An emulsifier’s role is replaceable. Either longer conching, grinding down the dry solid particles to a smoother texture, or the addition of extra cocoa butter for that silky finish. This delicate balance naturally binds solid to liquid without conceding its purity. So most craft chocolate makers eschew the use of emulsifiers with two exceptions. Firstly makers “at origin” (ie where the bean is grown, like Madagascar) can struggle with moisture and their machines “gumming up”, so they may resort to using emulsifiers if their air conditioners break etc. Secondly, makers who are making “couverture” to sell to e.g., cooks and chefs will include emulsifiers to help in baking, cooking, etc. But these are the exceptions.

By contrast, most large chocolate brands make excessive use of emulsifiers as a cost-cutting production measure. You need considerably more cocoa butter to create the same velvety quality achieved by a few drops of emulsifier. And cocoa butter is significantly pricier. This is not to mention the increased precision of temperature, measurements and grinding needed for emulsifier-free chocolate; time, energy and labour resulting in a bill mass chocolate producers simply can’t stomach.

Ultimately, when you find an E-number in your chocolate, you not only have to ask what synthetic chemicals are going into your food, but what key ingredient it is replacing. Leaving you to wonder; how genuine is this chocolate?

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How to Temper Chocolate

By now, you’ve probably heard us talk about “temper”. You might have watched Great British Bake Off contestants struggling in vain to temper their chocolate creations. You might have wondered why your chocolate has turned white, and instead been taken down a rabbit hole of crystal structures.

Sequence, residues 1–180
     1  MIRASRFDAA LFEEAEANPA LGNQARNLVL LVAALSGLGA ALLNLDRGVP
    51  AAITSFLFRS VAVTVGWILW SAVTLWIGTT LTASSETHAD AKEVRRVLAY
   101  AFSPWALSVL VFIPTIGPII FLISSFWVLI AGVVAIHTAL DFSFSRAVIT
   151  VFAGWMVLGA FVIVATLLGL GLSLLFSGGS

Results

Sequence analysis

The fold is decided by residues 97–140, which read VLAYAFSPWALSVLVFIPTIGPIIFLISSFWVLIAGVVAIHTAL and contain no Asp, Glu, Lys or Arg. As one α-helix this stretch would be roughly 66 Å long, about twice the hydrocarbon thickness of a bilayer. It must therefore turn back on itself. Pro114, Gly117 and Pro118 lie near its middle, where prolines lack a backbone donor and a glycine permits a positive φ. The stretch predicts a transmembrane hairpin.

But fear not, this quick guide will tell you all you need to know about tempering – even how to try it at home yourself!

What is tempering?

Put simply, tempering chocolate is the process of raising and lowering chocolate’s temperature in order to manipulate its crystal structure.

The crystal structure of chocolate actually refers to the crystal structure of cocoa butter (the natural fat of the cocoa bean). It is this structure that can be manipulated.

Cocoa butter can take 6 possible crystal structures. Structure 5 is the most desired for chocolate as it gives the bar a good snap, shine, and melt (and therefore more flavours). Structure 4 is the most stable and therefore the one to which chocolate will return, but this crystal structure gives the chocolate a matte and soft finish with a poor melt.

How does it work?

Tempering begins by melting the chocolate to completely remove the cocoa butter’s crystal structure. It’s kind of like a hard reset, which allows it to be reformed the way you wish based on the temperature at which you cool it.

After the initial melting, the chocolate is rapidly cooled with agitation (mixing it around) to rebuild the chocolate’s crystal structure.